K-Bob's Steakhouse

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FoundedClovis, New Mexico (1966)
FounderGabreil E. Parson and Jo Ann Parson Bowen
Number of locations
Area served
New Mexico
Canon City, Colorado
ProductsSteaks, Chicken, Catfish, Vegetables, Salad, Desserts
OwnerEdward Roy Tinsley IV Morgan Booth
ParentK-BOB'S Steakhouse Holding Company LLC
The K-Bob's outlet in Raton, New Mexico

K-BOB'S is a regional restaurant chain that operates in Texas, New Mexico, and Colorado. The company was founded in 1966 in Clovis, New Mexico,[2] by Gabe E. Parson. It filed for Chapter 11 bankruptcy in 1989 and emerged from in 1991 under the new ownership and management of Edward Tinsley III. Tinsley relocated the company headquarters from Dallas to Albuquerque,[3] and then later to Santa Fe.[4] In August 2015, Tinsley sold the company to a private equity fund founded by his son (Edward R. Tinsley IV) and son-in-law (Morgan Booth). Tinsley retained 4 stores in the New Mexico market as a franchisee. Today, Tinsley IV and Booth operate the company out of its current corporate headquarters in Houston.

Emerging from bankruptcy[edit]

In the late 1970s, an investor group purchased K-BOB'S. The new management team of Luther Lyle Walker and Robert E. Cotton, moved from the original focus of simple buffet-style, reasonably priced family foods to a more metropolitan fare. According to Vernon P. O’Rourke, then the vice-president of two K-Bob's in Texas, Walker and Cotton "went yuppyish is the way I describe it ... They took on almost every fad they possibly could."[3]

At one point during the 1980s, there were nearly a hundred K-BOB'S restaurants across Texas, New Mexico, Oklahoma, and Colorado. There was a lack of cohesion among the franchisees, most of whom had never met one another or had the opportunity to exchange ideas. The company then "made decisions that appeared successful until economic times got tougher. They were working in the boom time, but when it ended, tough mistakes began to haunt them", said Tinsley in a 1992 interview with Robin Lee Allen of Nation’s Restaurant News.[3]

According to the Dallas attorney Robert M. Nicoud, Jr., who represented K-Bob's, Inc., in bankruptcy court, the company "overexpanded and found itself in a position where it had to do whatever it could to keep cash coming in the door to keep operations going ... Eventually, they were carrying too heavy a debt load, and the general economy just turned around on them."[3]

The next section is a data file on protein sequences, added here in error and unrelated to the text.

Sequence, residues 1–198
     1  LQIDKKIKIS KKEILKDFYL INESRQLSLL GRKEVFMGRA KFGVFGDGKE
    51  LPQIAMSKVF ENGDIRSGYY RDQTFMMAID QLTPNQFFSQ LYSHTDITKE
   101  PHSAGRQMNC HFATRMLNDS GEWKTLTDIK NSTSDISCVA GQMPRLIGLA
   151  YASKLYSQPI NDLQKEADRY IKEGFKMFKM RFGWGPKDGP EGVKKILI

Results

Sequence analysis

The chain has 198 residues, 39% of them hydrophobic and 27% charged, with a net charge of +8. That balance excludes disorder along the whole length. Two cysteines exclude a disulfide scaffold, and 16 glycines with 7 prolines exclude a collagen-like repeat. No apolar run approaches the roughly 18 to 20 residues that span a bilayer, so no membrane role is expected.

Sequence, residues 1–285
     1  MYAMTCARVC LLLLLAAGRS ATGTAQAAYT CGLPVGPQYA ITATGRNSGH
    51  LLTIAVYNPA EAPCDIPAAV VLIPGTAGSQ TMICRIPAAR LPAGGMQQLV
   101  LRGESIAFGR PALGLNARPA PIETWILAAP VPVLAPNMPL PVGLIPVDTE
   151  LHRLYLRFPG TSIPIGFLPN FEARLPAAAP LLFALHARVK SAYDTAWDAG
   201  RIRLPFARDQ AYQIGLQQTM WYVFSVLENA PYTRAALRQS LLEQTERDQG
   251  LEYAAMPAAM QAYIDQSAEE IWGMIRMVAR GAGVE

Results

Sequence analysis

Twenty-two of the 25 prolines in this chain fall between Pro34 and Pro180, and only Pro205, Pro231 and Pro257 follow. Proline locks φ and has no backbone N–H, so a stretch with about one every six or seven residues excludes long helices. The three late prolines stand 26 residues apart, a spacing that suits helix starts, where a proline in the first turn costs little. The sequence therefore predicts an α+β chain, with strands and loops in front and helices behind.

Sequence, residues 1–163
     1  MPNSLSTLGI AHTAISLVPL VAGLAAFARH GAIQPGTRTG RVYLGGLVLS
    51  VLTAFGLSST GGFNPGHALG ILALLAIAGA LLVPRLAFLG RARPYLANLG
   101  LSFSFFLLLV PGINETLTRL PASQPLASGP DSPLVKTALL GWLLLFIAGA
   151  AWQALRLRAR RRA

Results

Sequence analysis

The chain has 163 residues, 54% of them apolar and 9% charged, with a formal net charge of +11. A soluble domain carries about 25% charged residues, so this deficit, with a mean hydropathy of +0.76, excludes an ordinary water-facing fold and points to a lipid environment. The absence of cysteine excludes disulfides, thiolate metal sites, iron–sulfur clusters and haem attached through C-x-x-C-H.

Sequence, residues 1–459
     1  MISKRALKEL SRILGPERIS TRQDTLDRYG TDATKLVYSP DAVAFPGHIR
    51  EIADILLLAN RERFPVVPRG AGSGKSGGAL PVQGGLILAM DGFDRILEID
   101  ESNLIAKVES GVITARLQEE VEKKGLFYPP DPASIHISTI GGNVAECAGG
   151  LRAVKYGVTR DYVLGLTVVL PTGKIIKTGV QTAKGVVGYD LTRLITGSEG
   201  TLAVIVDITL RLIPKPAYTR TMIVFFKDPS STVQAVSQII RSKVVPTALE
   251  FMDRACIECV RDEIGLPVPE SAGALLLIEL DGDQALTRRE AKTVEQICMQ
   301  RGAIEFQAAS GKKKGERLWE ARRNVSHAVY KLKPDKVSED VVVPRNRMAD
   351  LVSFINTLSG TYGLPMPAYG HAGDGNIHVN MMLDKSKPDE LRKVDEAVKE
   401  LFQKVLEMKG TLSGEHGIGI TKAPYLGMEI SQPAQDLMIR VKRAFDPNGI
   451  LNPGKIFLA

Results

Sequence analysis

In October 1989, K-Bob's, Inc. filed for Chapter 11 from more than a hundred creditors. According to court papers, the company owed more than $38,000 to secured creditors, including the Internal Revenue Service, and $2.2 million to unsecured creditors, some of which were disputed.[3] "I'm not sure the case would have gone anywhere if Tinsley had not come along", said Nicoud.[3]

In April 1991, after a year of negotiations, the bankruptcy court transferred the assets of K-Bob's, Inc., to K-Bob's USA, Inc. The latter was required to pay debts to the former over a 10-year period. Since the purchase, Tinsley has concentrated on the roots of his company. He personally met his franchisees and launched a monthly corporate newsletter called The T-Bone Tribune.[3]

When the federal minimum wage increased in 1997 from $4.75 to $5.15 per hour, The Wall Street Journal reported that Tinsley had prepared for the additional expense by selectively raising menu prices.[5]

K-Bob's Steakhouse in Tinsley's hometown, Lamesa, Texas


  1. ^ "Archived copy". Archived from the original on 2017-05-16. Retrieved 2017-05-11.CS1 maint: Archived copy as title (link)
  2. ^ "K-Bob's Company Information". kbobsusa.com. Archived from the original on 13 July 2011. Retrieved 21 December 2010.
  3. ^ a b c d e f g "Robin Lee Allen, "K-Bob's rises up out of Chapter 11 ashes"". Nation’s Restaurant News, February 10, 1992. 1992. Retrieved July 8, 2009.[permanent dead link]
  4. ^ Mexico, New (March 10, 2009). "K-Bob's sales increase, expansion sought". Albuquerque Business Journal. Retrieved July 8, 2009.
  5. ^ Christina Duff, "New Minimum Wage Makes Few Waves", The Wall Street Journal, November 20, 1996.

External links[edit]